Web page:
And so far, Howard has not really done it any better than Drew has. And while Drew had his own problems of his own making, aside from playing here, so does Howard, as we are learning first hand.
He can’t hit free throws to save his life, or this teams life. Contrary to popular belief and ESPN mythology, he does not run the floor like a deer on every play. He is not some unstoppable wall underneath as a plethora of players marching to the Lakers hoop has testified to all year.
And like Stu Lantz, the long time NBA announcer and former long time player said tonight, he has never seen a player get stripped of the ball as much as Howard does. Not to offend any Howard patrons here or anybodies sensibilities, but maybe Dwight should watch some film of..um..well..Drew, to learn how to hold the ball up and not get it stripped.
So far, Dwight Howard, now stripped (no pun intended) of his ESPN highlight invincibility veneer, looks so much more mortal here. Like his predecessor: A very good, flawed center.
And unfortunatly, given what happened to us the last two years, he must be much more than that for us to become champions. He will have to approximate the mythological Howard of ESPN and so many Lakers fans fantasies for us to be champions. Because being a clone of Drew, not exactly like Drew, but in the end, so very similar because of his own flaws, will not be good enough for this team to overcome its other flaws.
And now of course, the excuses start. The offense is not geared for him. Well, in what team with Kobe Bryant on it will it geared for the center? Did not Drew cry for more touches? Did not his proponents say the offense was sadly, not giving a man of this talents enough chances or plays run for him? The same cries from Howard proponents now are the same rehashed ones we heard for years from Drews.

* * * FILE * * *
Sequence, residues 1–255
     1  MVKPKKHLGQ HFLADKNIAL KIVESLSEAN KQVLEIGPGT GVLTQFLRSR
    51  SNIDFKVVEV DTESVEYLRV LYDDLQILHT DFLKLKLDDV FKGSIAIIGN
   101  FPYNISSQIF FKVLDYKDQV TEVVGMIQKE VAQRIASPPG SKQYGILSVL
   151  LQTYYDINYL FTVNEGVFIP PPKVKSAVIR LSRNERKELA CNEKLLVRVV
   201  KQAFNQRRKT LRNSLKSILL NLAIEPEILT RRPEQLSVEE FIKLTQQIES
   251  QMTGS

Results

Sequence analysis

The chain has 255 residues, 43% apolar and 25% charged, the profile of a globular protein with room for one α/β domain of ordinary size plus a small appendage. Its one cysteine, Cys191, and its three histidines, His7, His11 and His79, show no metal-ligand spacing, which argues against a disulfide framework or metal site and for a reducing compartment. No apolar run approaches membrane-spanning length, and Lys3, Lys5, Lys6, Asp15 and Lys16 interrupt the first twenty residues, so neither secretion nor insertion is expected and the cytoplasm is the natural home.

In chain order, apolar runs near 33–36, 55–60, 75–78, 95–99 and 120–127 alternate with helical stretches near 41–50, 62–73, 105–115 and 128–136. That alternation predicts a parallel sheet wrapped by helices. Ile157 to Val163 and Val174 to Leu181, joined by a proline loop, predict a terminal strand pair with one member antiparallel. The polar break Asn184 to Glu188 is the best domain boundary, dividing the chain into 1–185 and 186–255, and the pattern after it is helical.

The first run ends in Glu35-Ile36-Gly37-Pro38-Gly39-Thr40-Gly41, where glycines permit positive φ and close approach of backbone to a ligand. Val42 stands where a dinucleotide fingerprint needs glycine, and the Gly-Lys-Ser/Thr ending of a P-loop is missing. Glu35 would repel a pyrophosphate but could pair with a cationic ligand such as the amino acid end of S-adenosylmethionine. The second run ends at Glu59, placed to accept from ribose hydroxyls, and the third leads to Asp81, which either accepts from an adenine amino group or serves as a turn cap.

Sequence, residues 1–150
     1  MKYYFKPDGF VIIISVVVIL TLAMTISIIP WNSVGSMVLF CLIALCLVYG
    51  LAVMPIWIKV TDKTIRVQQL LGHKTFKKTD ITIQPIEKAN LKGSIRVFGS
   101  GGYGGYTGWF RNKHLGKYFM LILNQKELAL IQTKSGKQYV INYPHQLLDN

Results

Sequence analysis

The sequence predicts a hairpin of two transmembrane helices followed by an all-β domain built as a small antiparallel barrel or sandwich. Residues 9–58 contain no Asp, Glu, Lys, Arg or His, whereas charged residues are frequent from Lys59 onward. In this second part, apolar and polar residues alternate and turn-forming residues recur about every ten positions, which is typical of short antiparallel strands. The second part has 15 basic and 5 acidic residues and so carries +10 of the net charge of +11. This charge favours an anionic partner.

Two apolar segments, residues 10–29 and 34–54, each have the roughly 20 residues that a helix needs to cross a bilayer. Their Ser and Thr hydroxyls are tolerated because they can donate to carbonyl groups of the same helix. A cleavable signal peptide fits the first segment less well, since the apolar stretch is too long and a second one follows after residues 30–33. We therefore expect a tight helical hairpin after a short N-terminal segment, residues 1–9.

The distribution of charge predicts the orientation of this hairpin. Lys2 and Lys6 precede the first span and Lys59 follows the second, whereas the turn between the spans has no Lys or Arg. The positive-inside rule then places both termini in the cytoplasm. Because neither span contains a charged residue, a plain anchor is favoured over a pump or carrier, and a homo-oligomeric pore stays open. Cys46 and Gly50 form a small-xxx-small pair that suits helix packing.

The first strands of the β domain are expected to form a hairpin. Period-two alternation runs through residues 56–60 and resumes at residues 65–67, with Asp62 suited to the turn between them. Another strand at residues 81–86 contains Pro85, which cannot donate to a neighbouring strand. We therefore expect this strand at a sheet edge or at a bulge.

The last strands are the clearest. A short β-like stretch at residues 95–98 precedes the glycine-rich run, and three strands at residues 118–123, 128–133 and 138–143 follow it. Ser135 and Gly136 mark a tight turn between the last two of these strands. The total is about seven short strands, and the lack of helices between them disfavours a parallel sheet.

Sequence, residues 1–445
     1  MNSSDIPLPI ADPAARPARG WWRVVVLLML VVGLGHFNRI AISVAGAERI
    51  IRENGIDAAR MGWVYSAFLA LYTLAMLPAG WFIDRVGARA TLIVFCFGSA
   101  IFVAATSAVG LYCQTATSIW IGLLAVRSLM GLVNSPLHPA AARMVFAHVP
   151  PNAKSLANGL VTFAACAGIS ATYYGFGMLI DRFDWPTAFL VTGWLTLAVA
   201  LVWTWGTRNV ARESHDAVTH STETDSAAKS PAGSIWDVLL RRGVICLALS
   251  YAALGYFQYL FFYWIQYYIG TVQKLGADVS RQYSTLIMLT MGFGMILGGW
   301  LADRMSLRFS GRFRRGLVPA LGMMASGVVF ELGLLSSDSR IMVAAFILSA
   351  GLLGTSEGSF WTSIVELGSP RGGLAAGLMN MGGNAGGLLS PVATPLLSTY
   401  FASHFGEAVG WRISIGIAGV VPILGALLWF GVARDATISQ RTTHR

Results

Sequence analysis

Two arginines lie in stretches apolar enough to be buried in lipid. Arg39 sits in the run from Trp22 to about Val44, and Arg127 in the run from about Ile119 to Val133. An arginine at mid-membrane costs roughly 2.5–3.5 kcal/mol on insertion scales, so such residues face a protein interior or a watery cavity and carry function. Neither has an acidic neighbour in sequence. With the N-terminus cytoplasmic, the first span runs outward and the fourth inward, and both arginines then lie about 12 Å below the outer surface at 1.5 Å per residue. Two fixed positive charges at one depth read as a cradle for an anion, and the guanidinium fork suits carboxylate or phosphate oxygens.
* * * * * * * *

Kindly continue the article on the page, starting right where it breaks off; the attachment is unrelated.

And like with Drew, the bottom line with Howard is this: He will only get so many plays run for him. Like Drew, he will have to learn how to function in this new Lakers team. And if he doesn’t learn how to function much better than Drew did the last two years, on both sides of the floor, we can all forget about a ring.
The year is young, but not so young any more. And we have a new coach. And we all await the return of Steve Nash to change this for the better, to wave his 38 year old magic wand and cure our ills.
But in the end, our ultimate fate just may be a function of this reality: That on this team, Howard is really not much better than Drew, not nearly as good as we need. That our bench is still lacking way too much. That our defense is pretty much the same as it has been. That Kobe, Jamison, Metta, Nash and Pau are too old and faded to climb up that long hard mountain one last time, pulling the weight you have to.
It could just be as Jerry West said. There are flaws. Too many flaws.
But the season is young. So there is still hope. But just not quite as young as it was.